Summary and Keywords
Food safety has been a critical issue from the beginning of human existence, but more recently the nature of concerns over food safety has changed. Further, in terms of both scale and impact, the modern problems of food safety are very different from the issues that confronted the past. For example, especially since the late 1990s, society has faced food safety crises and scares arising from threats as diverse as bovine spongiform encephalitis (BSE), dioxin contamination, melamine-tainted infant milk formula, and so forth. These phenomena show that an ever-increasing variety of contaminants such as chemical and microbial agents can potentially find their way into the food supply, while novel foods such as GM foods and cultured meat add new challenges when it comes to certifying food safety.
Food safety has become a particularly complex issue in the context of the global economy because the governance of food safety is entangled with several larger trends at the global scale, including (a) trade liberalization in the 1980s; (b) the adoption of a risk analysis framework by global and national food safety administrations; and (c) the spread of food quality management regimes throughout the entire food industry, from food production to processing and retail. Furthermore, there are vast differences between developed and developing countries with respect to both food safety regulations and prominent food safety issues. These facts, combined with the borderless nature of sociotechnical food systems, contribute to a situation in which it is extremely challenging for any individual country to manage food safety issues within its jurisdiction. This observation underscores the importance of global food safety governance, a goal which is in itself difficult to achieve.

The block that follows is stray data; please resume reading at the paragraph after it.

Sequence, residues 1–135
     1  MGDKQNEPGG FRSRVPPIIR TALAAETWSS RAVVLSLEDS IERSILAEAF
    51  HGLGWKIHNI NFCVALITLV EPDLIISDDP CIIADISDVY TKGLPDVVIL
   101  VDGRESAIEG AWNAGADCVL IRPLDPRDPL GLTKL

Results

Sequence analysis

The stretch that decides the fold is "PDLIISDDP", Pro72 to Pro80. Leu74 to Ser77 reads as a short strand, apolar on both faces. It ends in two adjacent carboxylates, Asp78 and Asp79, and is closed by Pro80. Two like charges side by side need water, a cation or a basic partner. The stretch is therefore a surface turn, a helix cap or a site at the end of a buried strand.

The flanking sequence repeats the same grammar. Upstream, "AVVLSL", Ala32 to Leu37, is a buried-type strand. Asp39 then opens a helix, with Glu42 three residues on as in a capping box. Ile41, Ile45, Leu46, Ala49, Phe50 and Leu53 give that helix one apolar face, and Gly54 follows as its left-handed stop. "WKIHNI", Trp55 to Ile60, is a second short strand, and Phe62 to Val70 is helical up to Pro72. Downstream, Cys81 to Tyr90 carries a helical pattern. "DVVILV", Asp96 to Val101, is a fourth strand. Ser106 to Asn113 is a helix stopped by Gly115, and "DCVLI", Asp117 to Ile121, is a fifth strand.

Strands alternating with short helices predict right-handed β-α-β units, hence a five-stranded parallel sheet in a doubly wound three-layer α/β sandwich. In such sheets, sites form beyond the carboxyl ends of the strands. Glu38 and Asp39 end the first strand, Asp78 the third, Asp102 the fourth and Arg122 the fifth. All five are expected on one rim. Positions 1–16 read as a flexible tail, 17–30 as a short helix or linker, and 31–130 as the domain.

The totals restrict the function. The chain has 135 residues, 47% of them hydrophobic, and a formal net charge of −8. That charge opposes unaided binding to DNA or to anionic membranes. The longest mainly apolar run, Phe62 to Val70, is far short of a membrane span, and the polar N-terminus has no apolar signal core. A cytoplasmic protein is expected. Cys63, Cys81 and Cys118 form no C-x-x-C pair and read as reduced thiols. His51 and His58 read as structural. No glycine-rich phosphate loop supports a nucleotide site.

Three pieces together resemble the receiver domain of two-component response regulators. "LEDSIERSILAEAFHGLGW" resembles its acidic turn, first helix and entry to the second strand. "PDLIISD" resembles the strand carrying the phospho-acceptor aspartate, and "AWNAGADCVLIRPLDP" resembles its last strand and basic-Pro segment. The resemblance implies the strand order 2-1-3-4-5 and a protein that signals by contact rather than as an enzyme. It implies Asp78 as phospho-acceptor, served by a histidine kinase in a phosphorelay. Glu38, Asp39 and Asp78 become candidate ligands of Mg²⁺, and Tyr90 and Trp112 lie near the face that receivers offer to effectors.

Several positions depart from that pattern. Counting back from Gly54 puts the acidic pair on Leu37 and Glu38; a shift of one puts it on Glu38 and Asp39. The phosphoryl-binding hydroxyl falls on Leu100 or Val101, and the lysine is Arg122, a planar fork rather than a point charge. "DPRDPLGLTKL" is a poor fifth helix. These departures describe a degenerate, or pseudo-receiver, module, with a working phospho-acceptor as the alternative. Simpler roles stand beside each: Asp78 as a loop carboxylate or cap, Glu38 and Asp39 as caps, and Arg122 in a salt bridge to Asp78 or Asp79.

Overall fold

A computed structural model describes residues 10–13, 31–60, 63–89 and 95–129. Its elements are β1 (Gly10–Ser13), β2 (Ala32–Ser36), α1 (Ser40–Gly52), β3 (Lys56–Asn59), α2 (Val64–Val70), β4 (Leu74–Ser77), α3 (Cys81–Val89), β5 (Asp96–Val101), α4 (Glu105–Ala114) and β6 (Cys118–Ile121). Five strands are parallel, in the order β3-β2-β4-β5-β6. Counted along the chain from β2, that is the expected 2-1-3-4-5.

Two especially significant dilemmas have emerged within the existing situation vis-à-vis global food safety governance. The first is the challenges arising from the tensions inherent in a “modern” food safety governance approach, a model that combines a science-based strategy of dealing with food safety problems, on one hand, and the ideal of participatory democracy, on the other hand, in trying to deal with food safety issues. Problems arise from the contradictions between the science-based risked management approach, focused narrowly on monitoring and mitigation of hazards, and the wide-ranging complexity of the social, political, and interpersonal factors that shape people’s real-world concerns about food safety. The second is cross-border application of risk management to food imports in the Global North and its implications for exporting countries in the Global South. Problems arise from disparities in approaches and expectations regarding food safety between the Global North and the South. These two dilemmas have one thing in common: Each inherently contains challenges arising from internal contractions, as when the goal of achieving sound and consistent solutions to food safety issues is pursued alongside the goal of building a broad consensus across varying actors whose values, norms, needs, and interests differ and who are situated in differing socioeconomic and political contexts. Drawing insights from the sociology of agriculture and food and from social studies of science, an attempt is made to unpack the societal and policy challenges of food safety governance in a globalized economy.
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